The challenge facing the West

Here is an excerpt from my recent post on Trump’s Trade War:

Why has it taken this long to respond?

The last incumbent in the White House refused to confront the rising menace. A risk-averse culture led to micro-management and Obama’s mantra of “Don’t do stupid sh*t” frequently translated into “Don’t do anything”.

On Obama’s watch the US abdicated its global leadership, leaving the door open for charlatans like Vladimir Putin and Xi Jinping to step into the void. His legacy is a series of brewing crises that risk a major global confrontation in the next few decades. Taiwan and the South China Sea, India and Pakistan, North Korea, Iran and Saudi Arabia, Yemen, Syria, Ukraine, the Balkans, and the Baltic States. All of these hotspots have the potential to spark a major conflict. It needs just a single miscalculation from an emboldened aggressor accustomed to being able to bully their neighbors into acquiescence.

All this seems eerily familiar. As Winston Churchill long ago warned: “An appeaser is one who feeds a crocodile, hoping it will eat him last.”

Bold leadership is required in the West. Unfortunately Trump is not up to the task.

Donald Trump

His style is too divisive to ever unite the country or Western allies against the common threat.

I later revised my description of Xi and Putin from charlatans to scoundrels after receiving this note from Alan Hartley:

Colin, you refer to “leaving the door open for charlatans like Vladimir Putin and Xi Jinping to step into the void”

Macquarie Ed.5 :”charlatan – someone who pretends to more knowledge or skill than they possess”

The reference to “charlatan” reflects an ill-informed Western view of world leadership. Rather, I suggest both men possess far more knowledge and skill than blinkered Western eyes have been able to discern.

Beware under-estimating leadership that has driven the rise of China and growing power of Russia. The tactics may not please Western pedantics, but those same people cannot be too at ease either with Donald Trump’s dragon diet approach – eats roots shoots and leaves.

I agree that we should not underestimate the threat that the two pose to Western democracy. Both have proved adept at exploiting weaknesses in our system. Their absence of principles and lack of respect for the rights of others make them a serious threat. The situation is exacerbated by weak leadership in the West.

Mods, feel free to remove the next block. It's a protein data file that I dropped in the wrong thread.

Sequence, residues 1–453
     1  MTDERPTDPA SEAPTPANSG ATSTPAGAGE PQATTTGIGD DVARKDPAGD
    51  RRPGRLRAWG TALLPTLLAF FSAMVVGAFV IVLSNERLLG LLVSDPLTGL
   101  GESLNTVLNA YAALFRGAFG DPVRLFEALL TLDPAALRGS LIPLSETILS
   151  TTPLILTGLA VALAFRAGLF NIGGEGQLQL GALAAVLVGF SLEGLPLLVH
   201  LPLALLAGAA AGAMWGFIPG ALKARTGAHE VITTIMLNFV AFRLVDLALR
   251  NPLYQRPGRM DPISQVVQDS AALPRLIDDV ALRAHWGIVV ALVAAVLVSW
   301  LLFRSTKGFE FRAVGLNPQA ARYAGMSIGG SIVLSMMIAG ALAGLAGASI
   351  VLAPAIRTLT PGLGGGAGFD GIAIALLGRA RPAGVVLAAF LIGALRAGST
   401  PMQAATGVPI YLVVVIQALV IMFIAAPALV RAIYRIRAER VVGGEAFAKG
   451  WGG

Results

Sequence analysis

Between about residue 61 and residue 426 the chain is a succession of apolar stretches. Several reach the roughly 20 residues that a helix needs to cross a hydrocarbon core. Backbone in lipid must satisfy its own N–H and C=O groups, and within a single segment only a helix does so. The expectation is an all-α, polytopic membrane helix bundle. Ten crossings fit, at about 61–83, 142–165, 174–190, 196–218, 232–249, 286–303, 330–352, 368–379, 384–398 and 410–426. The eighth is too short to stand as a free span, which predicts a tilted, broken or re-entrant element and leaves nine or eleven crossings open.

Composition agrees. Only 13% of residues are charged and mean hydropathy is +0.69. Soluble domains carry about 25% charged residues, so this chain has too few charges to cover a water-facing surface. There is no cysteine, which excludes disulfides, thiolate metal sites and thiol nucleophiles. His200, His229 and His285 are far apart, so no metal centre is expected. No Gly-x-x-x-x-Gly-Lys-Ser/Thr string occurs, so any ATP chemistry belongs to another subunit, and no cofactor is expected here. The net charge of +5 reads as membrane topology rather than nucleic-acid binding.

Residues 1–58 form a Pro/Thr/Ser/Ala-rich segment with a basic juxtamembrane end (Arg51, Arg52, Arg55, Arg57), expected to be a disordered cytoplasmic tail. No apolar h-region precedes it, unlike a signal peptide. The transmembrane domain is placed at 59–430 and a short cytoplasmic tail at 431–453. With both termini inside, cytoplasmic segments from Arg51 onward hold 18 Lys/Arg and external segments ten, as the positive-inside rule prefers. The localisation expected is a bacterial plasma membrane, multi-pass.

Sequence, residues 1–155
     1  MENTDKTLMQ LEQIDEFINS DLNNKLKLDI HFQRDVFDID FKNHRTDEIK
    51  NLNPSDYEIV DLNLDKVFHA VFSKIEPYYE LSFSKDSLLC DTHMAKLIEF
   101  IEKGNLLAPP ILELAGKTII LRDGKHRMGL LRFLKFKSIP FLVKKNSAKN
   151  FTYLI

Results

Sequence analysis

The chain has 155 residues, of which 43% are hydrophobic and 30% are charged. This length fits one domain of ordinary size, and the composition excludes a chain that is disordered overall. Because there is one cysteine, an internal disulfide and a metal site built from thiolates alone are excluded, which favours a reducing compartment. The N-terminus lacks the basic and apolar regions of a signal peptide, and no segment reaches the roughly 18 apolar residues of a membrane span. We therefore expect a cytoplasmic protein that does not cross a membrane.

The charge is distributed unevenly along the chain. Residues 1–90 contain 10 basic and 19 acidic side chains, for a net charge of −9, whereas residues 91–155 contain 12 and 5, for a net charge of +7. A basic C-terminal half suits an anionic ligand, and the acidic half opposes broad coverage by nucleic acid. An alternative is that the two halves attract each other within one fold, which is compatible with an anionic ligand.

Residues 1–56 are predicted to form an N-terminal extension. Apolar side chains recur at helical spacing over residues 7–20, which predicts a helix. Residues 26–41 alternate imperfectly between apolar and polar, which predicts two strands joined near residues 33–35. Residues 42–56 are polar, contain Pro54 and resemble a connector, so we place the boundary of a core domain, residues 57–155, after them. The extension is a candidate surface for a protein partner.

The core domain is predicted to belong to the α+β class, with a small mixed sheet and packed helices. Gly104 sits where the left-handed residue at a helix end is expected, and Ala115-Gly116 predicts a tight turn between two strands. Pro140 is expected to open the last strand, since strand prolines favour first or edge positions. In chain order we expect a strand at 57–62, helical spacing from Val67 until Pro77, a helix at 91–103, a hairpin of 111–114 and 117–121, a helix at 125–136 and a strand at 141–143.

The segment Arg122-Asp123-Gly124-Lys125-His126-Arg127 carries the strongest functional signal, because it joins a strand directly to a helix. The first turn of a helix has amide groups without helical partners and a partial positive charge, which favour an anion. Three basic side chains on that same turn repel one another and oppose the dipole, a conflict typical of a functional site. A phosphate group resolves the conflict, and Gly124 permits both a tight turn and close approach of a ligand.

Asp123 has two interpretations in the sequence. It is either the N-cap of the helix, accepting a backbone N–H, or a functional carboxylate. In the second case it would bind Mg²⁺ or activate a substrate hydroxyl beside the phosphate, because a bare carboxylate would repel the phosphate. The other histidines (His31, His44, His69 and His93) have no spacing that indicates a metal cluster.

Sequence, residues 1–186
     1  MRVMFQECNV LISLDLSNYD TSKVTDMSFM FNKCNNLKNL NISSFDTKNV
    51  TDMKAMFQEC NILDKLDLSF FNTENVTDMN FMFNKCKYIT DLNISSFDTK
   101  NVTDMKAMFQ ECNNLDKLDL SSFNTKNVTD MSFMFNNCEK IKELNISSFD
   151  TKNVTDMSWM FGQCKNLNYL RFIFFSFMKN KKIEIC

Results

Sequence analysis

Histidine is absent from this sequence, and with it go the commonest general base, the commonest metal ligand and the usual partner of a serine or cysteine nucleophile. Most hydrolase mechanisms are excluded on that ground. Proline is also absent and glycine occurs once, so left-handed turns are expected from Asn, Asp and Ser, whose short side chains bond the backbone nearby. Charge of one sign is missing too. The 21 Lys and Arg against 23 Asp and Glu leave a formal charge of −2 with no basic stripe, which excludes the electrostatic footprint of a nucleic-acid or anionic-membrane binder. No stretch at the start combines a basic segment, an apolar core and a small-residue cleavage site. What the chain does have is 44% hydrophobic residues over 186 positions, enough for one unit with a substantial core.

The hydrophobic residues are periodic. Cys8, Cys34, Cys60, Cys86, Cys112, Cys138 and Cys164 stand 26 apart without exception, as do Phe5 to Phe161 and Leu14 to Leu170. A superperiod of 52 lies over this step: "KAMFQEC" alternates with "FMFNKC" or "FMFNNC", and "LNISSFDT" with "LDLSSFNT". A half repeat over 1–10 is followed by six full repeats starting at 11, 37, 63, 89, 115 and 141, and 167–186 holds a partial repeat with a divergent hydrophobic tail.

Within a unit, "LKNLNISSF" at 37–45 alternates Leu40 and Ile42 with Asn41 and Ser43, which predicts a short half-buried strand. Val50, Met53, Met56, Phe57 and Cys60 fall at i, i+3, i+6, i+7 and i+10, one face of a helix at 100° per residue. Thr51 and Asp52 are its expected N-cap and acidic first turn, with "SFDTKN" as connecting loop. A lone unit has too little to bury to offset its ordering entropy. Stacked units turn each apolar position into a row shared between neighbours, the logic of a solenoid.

Vladimir Putin

Putin in particular is highly skilled at exploiting weakness and creating chaos to keep his opponents off-balance. Like Erwin Rommel’s campaign in North Africa, a smaller opponent can outmaneuver larger, more ponderous forces through confusing and erratic behavior. But they are unlikely to prevail in the long-term over a patient, methodical opponent who slowly but relentlessly restricts their ability to maneuver, like Montgomery did at El Alamein1.

Xi Jinping

For that reason, Xi Jinping is a far more formidable opponent. The Chinese approach is more like Montgomery or Sun Tzu: slow, patient and methodical. While the US are masters at shock and awe, I question if they have the patience to play the long game. This is a struggle between two competing ideologies that may take generations to resolve.

Notes

  1. Hat tip to Tim Harford: Chaos has its limits even in Donald Trump’s White House

Martin Wolf: Xi’s power grab means China is vulnerable to the whims of one man

Xi's Power Grab

From Martin Wolf at FT:

Sometimes an announcement succeeds in being both unsurprising and shocking. It had long been evident that China’s Xi Jinping would not — indeed, could not — step down from power. He has made too many enemies, particularly through his anti-corruption campaign, even if he wanted to go, which seems unlikely.

Yet the announcement that the two-term limit on the presidency is to go, is still shocking. What seemed likely is now a fact. Mr Xi has discarded the attempt by Deng Xiaoping to institutionalise checks on the power of China’s leaders — itself a reaction to the wild excesses of the era of Mao Zedong. What is re-emerging is strongman rule — a concentration of power in the hands of one man…..

Read the full article at FT.com